The Secret Behind Sugar
Sugar addicts across the world have reached an obstacle. In early October, the World Health Organization announced their support for a tax on soft drinks, which has already been implemented in Mexico and Hungary, in an effort to reduce sugar consumption.
The average American’s diet includes at least one sugary drink – such as soda, an energy drink, or a sports drink – per day. Other common sugar sources include refined and processed foods like cookies, cakes, ice cream, cereal, and more. Besides the downfall of weight gain and cavities, overdosing on sugar can make you feel full without providing your body with any nutrients.
“Nutritionally, people don’t need any sugar in their diet,” said Dr. Francesco Branca, the WHO’s nutrition director.
According to Harvard Health Publications, eating too much added sugar also increases the risk of dying from heart disease. Their research found that the odds of dying from heart disease increased with the percentage of sugar in the patient’s diet, regardless of their age, sex, exercise level, or body mass index.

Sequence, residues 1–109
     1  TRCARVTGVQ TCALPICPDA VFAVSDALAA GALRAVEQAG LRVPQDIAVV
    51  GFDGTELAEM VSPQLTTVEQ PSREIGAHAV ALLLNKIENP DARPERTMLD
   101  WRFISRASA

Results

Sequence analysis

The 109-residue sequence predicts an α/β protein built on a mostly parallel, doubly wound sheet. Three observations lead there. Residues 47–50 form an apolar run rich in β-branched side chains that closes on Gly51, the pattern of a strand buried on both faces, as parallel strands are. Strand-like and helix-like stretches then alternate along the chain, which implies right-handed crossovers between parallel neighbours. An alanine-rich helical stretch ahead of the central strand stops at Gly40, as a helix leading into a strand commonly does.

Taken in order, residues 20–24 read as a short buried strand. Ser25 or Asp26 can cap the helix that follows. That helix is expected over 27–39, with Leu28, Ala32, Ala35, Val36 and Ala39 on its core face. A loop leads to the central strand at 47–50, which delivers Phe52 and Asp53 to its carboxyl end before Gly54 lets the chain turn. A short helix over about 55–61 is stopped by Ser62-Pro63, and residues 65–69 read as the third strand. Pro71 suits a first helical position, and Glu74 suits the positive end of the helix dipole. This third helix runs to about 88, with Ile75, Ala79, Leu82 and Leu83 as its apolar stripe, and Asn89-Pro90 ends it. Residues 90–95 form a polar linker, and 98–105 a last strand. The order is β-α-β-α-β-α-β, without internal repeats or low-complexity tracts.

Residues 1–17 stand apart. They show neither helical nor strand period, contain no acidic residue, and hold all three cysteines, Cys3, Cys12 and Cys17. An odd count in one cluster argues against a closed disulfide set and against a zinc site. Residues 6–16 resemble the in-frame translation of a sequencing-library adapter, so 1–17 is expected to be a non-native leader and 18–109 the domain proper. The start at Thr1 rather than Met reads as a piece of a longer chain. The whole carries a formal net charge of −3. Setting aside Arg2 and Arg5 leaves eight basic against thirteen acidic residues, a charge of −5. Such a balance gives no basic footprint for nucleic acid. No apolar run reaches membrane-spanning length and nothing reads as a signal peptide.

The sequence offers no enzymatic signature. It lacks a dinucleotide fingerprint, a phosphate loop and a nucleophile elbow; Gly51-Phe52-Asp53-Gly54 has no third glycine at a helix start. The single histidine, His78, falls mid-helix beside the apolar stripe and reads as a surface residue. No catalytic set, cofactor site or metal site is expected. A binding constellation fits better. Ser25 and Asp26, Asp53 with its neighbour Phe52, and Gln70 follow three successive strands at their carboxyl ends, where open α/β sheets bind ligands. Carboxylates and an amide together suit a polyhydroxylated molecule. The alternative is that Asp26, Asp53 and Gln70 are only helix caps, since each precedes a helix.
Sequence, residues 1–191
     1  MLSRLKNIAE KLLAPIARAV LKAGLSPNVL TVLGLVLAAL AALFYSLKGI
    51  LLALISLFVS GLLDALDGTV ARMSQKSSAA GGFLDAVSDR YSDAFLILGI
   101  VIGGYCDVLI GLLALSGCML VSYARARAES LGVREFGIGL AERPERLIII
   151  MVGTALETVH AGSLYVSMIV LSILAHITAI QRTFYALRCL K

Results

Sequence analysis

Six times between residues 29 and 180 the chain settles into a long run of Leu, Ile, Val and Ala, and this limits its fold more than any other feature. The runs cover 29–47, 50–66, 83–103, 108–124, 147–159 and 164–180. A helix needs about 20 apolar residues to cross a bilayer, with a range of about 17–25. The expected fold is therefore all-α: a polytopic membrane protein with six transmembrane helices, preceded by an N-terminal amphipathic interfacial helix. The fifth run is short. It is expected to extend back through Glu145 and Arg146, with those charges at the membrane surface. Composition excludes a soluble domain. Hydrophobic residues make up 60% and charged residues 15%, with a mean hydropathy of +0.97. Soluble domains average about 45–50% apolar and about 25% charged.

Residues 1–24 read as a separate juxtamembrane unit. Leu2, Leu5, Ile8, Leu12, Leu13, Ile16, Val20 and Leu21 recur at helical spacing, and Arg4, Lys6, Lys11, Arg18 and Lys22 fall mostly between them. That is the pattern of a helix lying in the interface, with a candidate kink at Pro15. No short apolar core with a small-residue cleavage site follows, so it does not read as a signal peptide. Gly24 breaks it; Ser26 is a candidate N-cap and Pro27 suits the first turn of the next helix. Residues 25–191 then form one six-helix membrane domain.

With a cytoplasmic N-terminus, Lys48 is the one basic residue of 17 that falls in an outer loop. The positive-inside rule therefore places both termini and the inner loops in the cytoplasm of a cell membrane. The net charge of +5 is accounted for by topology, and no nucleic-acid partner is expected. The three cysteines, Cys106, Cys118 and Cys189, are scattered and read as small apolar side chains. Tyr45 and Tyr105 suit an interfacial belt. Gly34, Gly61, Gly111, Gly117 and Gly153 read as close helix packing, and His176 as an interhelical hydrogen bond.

Harvard’s analysis of a major study published in JAMA Internal Medicine revealed how sugar-based diets raise blood pressure and also stimulate the liver to dump more harmful fats into the bloodstream – both factors which are known to boost the risk of heart disease.
Why, then, do so many foods have added sugars? JAMA International Medicine discovered that in the 1960s, the sugar industry was sponsoring research to downplay the negative role of sugar in the body. A group called the Sugar Research Foundation funded research by Harvard scientists, encouraging the study to place the blame for heart disease on fats.
“The authors of the new article say that for the past five decades, the sugar industry has been attempting to influence the scientific debate over the relative risks of sugar and fat,” reported NPR.
New studies are emerging, showing the negative effects of sugar, but misinformation persists. Thus entities like the World Health Organization are encouraging a sugar tax, hoping to discourage consumers from purchasing sugary goods for the sake of their health. A report done by WHO found that raising prices by 20% or more lead to lower consumption of the item, and thus improved nutrition.